Monday, January 30, 2012

PIIGS: The Never Ending Story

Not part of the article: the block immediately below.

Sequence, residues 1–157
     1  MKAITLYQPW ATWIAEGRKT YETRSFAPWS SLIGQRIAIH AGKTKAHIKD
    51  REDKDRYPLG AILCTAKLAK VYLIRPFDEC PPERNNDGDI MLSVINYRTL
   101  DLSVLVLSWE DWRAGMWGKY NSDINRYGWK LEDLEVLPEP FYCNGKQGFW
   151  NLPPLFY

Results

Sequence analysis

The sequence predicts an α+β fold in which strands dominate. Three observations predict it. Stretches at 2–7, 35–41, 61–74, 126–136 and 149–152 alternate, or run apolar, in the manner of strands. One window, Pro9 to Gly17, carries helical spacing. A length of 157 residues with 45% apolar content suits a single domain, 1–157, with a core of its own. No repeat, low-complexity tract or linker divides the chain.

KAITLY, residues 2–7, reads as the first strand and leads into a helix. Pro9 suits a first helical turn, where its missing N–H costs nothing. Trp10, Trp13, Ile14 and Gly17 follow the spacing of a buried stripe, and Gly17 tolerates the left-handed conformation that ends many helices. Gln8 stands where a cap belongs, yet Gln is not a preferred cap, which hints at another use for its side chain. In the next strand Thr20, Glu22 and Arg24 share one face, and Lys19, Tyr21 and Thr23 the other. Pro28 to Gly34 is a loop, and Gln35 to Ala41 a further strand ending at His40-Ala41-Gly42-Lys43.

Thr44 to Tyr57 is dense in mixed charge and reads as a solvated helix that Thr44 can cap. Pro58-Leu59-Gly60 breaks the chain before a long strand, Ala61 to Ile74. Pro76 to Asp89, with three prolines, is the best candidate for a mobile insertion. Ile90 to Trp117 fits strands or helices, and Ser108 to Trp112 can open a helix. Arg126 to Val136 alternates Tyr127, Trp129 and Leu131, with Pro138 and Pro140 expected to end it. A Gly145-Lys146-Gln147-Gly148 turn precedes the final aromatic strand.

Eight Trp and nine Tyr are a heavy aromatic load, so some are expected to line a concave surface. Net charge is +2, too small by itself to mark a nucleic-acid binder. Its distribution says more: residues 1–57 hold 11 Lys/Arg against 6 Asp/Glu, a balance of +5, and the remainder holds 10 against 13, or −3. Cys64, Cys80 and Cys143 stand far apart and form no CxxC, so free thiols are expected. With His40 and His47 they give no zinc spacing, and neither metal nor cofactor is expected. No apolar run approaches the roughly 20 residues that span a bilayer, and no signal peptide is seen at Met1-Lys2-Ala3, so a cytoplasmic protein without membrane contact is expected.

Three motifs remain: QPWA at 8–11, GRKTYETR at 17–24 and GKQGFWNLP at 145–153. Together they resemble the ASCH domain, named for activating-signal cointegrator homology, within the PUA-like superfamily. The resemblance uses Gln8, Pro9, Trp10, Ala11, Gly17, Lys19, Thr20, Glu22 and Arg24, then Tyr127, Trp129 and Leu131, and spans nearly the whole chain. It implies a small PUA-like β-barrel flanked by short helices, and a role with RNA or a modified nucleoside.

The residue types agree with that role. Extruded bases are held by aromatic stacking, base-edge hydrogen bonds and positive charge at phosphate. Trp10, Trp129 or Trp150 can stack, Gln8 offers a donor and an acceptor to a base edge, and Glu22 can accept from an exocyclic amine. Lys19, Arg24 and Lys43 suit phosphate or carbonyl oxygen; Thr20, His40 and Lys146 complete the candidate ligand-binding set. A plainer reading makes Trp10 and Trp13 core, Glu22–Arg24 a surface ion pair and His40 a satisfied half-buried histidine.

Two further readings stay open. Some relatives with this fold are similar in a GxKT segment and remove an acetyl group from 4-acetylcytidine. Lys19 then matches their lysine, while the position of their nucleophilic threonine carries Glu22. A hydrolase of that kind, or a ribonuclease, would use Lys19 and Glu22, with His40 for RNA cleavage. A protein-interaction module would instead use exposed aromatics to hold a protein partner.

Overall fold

Societe Generale's Michala Marcussen explains why Portugal, the next euro sandal to drop, is a much dicier problem than Greece: "In our opinion, the Portuguese government will bite the bullet and deliver deep reaching structural reform and austerity in 2012. The risk, however, is that even a successful program may not be enough to secure a sufficient decline in bond yields. That would leave only two options: (1) a second official [ECB, read German, bailout - The Balf] package or (2) PSI [public sector involvement, ie. investors "taking a haircut" - The Balf]. A firm commitment from euro area policymakers that Portugal will not see PSI and, if necessary, funds would be made available would clearly be helpful and push bond yields lower (and thus reduce the risk that an official second package would be needed!). The ECB warned on the dangers of Greek PSI and have been proven correct." As Zero Hedge (link at left), Mistubishi UFJ, and others have warned, Portuguese bonds issued under UK law represent a far greater amount of the total notional outstanding than in the case of Greece, and whereas Greek creditor protections depend on Greecy whimsy, UK law is written in stone a thousand years old.  If you think the current Greek bondholder negotiations (yes, still ongoing, March 20 is D-for default-Day) have been difficult, Portugese ones will be impossible.  Of course, the Eurozone might not even get to Portugal if Greece undergoes a disorderly default - or Germany bolts for the new deutschmark, already printed and being stored in the basement.